The Sweet Spot: An Interview with Trevor Graham
Critics Campus 2021 participant Ying-Di Yin speaks to Chef Antonio’s Recipes for Revolution director Trevor Graham about documenting the intricacies of life, labour and love, as well as building trust with one’s film subjects.
“A simple truffle pasta is sensational!” exclaims Australian documentary maker Trevor Graham. “I have a real liking for truffles because, in the Piedmont area, truffles are a specialty. And not far from Asti, about 40 minutes away by car, you get the famous white truffle, which is the most expensive and the most delicious that you can get.”
This wealth of truffle knowledge is the result of having spent three years travelling back and forth from Sydney to Asti in north-western Italy to film Chef Antonio’s Recipes for Revolution, a behind-the-scenes documentary about charismatic chef Antonio de Benedetto and his hotel-restaurant staffed by young people with Down syndrome. Through food-making and hospitality, the chef aims to change the lives of people with disabilities, offering them community, connection and, most importantly, independence.
De Benedetto’s mission aligns perfectly with the impetus for Graham’s documentary work. In Chef Antonio, the final instalment in the filmmaker’s culinary trilogy – the previous titles were Make Hummus Not War (MIFF 2012) and Monsieur Mayonnaise (MIFF 2016) – he once again uses food as a vehicle for tackling bigger themes, including social inclusion and acceptance. “I wanted the advocacy to come out of the story and the experiences of the characters,” says Graham. “That was important, and I think we achieved that.” For him, viewers’ familiarity with enjoying and eating food ensures these ideas are expressed in a humanistic and empathetic way: “If you’re satisfied, if you’re feeling that your tastebuds have been tantalised, then you’re in a more relaxed state of mind to encompass some other ideas.”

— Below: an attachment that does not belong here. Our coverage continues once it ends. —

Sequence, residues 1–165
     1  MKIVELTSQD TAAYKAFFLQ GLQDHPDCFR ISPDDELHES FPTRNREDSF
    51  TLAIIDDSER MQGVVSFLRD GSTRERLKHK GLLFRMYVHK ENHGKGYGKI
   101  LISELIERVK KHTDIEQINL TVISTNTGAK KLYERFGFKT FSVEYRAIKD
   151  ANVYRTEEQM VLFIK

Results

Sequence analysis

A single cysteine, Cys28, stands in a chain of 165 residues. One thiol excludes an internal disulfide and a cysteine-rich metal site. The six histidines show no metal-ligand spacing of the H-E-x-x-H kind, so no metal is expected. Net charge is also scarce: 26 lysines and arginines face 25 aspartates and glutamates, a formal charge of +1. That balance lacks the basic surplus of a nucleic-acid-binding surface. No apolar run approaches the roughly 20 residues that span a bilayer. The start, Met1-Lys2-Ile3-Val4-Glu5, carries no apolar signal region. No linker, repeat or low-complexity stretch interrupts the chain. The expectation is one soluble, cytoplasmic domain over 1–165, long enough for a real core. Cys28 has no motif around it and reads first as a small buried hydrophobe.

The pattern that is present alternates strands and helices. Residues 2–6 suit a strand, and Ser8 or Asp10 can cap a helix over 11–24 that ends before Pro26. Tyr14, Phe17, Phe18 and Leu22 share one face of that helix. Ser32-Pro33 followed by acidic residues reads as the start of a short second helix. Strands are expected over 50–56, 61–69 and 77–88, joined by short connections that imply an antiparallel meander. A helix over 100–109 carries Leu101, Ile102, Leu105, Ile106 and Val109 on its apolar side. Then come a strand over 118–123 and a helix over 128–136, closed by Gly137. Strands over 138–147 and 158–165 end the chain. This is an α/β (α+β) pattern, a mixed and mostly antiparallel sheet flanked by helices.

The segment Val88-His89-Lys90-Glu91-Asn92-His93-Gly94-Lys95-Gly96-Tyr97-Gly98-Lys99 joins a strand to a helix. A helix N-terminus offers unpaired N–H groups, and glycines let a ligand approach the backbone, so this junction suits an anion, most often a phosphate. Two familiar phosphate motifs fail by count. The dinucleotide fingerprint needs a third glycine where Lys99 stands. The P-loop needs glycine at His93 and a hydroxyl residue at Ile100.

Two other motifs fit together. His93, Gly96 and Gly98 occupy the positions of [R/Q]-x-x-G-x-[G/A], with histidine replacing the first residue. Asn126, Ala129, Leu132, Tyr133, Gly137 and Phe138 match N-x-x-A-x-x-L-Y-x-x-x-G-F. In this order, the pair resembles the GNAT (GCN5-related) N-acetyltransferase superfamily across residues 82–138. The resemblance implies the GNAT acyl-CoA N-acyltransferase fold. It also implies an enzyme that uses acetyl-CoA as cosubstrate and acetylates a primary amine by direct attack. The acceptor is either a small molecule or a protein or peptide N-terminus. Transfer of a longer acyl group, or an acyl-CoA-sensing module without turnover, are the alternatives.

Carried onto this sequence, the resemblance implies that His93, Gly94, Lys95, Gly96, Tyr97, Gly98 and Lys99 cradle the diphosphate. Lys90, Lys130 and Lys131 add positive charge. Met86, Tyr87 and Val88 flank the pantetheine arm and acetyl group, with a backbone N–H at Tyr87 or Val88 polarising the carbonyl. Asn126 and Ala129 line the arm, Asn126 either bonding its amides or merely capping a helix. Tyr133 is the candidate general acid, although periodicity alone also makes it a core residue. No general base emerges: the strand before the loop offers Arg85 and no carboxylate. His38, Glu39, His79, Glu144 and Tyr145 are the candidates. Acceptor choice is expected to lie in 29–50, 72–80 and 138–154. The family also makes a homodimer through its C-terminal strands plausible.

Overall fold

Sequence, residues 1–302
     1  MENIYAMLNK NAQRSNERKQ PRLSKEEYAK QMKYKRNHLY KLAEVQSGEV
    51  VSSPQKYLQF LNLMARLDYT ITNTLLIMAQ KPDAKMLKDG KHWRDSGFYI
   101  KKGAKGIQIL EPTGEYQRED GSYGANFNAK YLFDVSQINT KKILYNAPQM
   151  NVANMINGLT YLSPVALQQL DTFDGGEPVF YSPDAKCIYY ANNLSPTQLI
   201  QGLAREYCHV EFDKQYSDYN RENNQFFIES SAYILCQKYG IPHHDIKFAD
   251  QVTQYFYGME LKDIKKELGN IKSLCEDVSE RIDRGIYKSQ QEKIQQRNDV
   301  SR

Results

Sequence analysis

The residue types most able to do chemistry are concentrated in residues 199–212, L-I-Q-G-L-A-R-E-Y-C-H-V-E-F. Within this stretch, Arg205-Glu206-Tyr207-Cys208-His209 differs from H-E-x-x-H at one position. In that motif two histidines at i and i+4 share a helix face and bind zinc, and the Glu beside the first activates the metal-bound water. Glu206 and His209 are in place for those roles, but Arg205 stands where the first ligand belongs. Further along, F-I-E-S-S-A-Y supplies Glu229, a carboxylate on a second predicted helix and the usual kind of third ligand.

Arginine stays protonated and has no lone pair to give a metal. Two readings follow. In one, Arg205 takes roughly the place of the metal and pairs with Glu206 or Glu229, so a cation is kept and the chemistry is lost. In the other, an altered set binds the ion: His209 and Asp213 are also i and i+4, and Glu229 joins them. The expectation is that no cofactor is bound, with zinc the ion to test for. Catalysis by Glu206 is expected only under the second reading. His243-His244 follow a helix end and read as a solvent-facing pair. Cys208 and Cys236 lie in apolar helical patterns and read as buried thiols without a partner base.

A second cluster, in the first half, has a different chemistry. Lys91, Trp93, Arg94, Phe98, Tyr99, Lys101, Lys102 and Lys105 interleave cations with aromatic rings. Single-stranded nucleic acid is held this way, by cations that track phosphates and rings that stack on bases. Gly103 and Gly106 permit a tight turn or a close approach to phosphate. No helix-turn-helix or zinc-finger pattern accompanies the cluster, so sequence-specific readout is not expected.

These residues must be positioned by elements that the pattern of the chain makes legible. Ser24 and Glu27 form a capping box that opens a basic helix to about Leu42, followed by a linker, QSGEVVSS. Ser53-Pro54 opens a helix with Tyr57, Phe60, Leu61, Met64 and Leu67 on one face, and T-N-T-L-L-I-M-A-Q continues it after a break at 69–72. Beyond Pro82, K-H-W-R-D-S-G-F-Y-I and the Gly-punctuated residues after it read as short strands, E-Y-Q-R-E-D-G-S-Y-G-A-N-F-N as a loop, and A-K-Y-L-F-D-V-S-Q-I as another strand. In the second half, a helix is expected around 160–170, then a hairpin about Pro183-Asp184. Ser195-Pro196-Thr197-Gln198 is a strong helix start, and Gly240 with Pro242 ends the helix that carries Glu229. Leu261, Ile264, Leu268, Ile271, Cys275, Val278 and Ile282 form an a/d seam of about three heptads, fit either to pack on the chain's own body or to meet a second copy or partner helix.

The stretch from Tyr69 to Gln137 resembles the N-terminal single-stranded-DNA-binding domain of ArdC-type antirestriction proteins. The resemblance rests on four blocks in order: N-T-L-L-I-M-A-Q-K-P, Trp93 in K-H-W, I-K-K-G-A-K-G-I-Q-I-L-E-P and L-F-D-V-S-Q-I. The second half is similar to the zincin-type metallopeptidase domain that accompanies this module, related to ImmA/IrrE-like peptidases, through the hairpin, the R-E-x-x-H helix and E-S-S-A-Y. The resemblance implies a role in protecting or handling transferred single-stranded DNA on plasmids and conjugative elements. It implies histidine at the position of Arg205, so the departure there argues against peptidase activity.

Graham first heard about de Benedetto through friends from Sydney who had recently visited his restaurant, the Tacabanda. “Tracey and Andrew invited me over for dinner and pitched me this story. Tracey was very excited about the possibility of what this [operation] could mean for people with intellectual disabilities in Australia,” he recounts. “She thought it could revolutionise the broader community and engage with people with disabilities – but, more importantly, how they could be employed in a way that could lead to independent living.”
After doing his own research, and within eight weeks of discussing the pitch with cinematographer Jenni Meaney, Graham found himself on a plane to Asti. Upon arriving there, he was immediately blown away by the Tacabanda and its parent hotel, the Albergo Etico. “There was this enormous engagement within the workers, the restaurant and hotel workers,” he recalls, “an enormous amount of affection that they drew from each other by their experience together, but also from the general public they were serving.”
“It’s quite a love story, too,” the director adds. As he observed and filmed, Graham discovered many forms of love. “The love between [subject] Mirko [Piras] and his fiancée, Francesca, gives you a sense of what it’s like to be in love when you have Down syndrome,” he says. “But we also get a sense of what it’s like to be a mother with an adult child with Down syndrome. For that to be a loving relationship and also encompass all the difficulties that it does, it shows that Chef Antonio is a feel-good film but with a fairly high dose of reality as well – things are difficult, and it’s not just a smooth ride.”